Friday, July 02, 2021


Eduardo Halfon:
I had never been to Japan before. And I had never been asked to be a Lebanese writer. A Jewish writer, yes. A Guatemalan writer, naturally. A Latin American writer, of course. A Central American writer, less and less. An American writer, more and more. A Spanish writer, when it had been preferable to travel with that passport. A Polish writer, once, in a bookstore in Barcelona that insisted – that insists – on placing my books on the Polish literature shelf. A French writer, since I lived for a while in France and some people suppose that I still do. All those disguises I always keep at hand, well-ironed and hanging in the wardrobe. But I had never been invited to participate in something as a Lebanese writer. And it seemed to me no big deal to make myself into an Arab for a day, in a conference at the University of Tokyo, if it gave me a chance to get to know the country.

Canción (translation mine)
Libros del Asteroide in Barcelona has published another installment in Eduardo Halfon's ongoing quasi-fictional project of excavating his family's past, as well as his own and that of his country (or countries). If the narrator (also named Eduardo Halfon) is to be believed (and he isn't always), he was invited to participate in the writers' conference alluded to above on the mistaken assumption that he is Lebanese; in fact his only connection to Lebanon is that his grandfather (also named Eduardo Halfon) was born there — except that strictly speaking he wasn't, since he fled the country when it was still part of Syria. Accused of being an impostor, the narrator retorts that an impostor is exactly what every writer is.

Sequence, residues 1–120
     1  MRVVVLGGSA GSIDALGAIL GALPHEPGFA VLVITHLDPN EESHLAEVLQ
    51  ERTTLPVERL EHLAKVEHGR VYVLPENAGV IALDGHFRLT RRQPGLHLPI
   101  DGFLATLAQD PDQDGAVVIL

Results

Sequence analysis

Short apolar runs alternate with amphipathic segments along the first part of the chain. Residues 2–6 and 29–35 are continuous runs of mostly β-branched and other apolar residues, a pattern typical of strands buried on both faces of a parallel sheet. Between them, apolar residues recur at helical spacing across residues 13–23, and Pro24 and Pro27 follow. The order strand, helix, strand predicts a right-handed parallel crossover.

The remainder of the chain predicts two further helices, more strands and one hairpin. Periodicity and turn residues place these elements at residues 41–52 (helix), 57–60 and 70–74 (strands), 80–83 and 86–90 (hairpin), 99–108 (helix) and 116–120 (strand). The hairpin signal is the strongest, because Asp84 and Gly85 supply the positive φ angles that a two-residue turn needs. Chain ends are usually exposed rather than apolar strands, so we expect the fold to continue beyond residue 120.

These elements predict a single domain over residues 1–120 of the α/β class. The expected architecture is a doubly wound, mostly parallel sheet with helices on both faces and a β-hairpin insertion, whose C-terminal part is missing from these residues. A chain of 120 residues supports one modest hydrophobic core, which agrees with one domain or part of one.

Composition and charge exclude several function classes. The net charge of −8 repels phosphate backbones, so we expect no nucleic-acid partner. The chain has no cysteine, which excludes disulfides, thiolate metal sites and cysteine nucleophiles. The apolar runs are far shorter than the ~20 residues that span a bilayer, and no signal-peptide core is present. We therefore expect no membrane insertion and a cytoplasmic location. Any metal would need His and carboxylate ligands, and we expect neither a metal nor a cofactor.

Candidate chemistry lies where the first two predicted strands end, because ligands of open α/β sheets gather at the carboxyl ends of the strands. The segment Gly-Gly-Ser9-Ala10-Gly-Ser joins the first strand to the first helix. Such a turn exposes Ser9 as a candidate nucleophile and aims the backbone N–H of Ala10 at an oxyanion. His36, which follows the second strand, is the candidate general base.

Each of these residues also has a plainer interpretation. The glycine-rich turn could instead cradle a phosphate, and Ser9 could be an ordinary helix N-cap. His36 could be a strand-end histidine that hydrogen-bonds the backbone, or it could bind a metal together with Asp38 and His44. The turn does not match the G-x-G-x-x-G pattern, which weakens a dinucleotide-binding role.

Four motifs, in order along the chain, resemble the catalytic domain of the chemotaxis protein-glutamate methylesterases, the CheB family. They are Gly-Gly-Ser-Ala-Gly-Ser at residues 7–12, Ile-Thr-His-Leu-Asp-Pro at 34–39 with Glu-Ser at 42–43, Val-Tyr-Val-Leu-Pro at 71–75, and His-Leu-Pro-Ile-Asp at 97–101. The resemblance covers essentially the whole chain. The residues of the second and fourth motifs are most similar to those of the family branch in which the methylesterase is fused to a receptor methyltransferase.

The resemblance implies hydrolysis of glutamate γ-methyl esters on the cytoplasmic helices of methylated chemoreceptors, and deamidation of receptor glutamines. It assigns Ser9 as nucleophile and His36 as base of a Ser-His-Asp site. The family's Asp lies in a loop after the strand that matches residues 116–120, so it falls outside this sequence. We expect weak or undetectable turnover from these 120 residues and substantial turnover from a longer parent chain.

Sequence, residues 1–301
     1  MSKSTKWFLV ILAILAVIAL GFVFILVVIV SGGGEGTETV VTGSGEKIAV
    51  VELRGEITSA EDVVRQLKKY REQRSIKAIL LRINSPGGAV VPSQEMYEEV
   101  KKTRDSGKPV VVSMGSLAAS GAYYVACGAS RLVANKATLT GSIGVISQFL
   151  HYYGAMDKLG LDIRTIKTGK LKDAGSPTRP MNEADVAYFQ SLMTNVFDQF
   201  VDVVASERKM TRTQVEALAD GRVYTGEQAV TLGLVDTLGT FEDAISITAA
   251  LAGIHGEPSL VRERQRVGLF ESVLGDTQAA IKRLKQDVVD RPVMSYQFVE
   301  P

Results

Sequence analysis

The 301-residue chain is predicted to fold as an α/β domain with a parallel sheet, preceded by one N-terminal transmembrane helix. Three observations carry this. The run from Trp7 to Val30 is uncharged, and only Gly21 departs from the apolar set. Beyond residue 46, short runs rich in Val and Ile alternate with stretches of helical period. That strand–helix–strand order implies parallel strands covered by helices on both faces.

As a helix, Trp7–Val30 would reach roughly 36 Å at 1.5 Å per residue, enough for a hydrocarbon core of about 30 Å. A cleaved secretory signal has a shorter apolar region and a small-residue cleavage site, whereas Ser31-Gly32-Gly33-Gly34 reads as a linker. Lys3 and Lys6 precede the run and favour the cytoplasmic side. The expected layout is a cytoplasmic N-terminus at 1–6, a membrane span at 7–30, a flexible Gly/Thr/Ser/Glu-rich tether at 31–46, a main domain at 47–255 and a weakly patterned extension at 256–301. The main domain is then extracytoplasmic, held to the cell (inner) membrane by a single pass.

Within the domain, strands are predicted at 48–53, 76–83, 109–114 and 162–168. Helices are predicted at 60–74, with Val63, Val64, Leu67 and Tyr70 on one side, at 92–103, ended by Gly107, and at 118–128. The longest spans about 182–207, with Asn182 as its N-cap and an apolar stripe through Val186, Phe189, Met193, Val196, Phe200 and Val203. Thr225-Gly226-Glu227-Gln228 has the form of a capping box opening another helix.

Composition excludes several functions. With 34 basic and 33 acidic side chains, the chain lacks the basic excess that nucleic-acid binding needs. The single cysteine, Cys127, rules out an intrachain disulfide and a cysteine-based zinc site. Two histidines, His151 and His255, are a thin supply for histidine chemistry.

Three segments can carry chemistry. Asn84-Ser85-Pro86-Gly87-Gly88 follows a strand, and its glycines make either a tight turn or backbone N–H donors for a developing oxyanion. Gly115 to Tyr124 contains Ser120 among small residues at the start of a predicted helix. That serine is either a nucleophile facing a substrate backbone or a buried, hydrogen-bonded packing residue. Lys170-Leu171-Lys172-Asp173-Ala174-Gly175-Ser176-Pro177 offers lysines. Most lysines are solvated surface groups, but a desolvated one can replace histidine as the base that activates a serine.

Canción (the title means "song," but that's another complicated issue) begins and ends in Japan, where the narrator attends that conference of Lebanese writers, but the larger part of the book (a rather short one, as all of Halfon's tend to be) is actually devoted to the kidnapping and subsequent release of his grandfather by Guatemalan guerrillas several years before the author was born. Of the five books that Libros del Asteroide has published, this is perhaps the most strictly focused on Guatemala (that curious sojourn in Tokyo aside). It slips back and forth in time, and, like a miniature Conversation in the Cathedral, is centered on an encounter in a bar with an old acquaintance (of sorts). It's both independent of and inextricably connected to the other volumes in the series. Several of the installments are now available in English, with some shuffling of the contents, from Bellevue Literary Press, and hopefully this one will soon join them.

Previous Eduardo Halfon posts:

The Memory Man
Necessary Stories

Thursday, June 24, 2021

Live in Telemark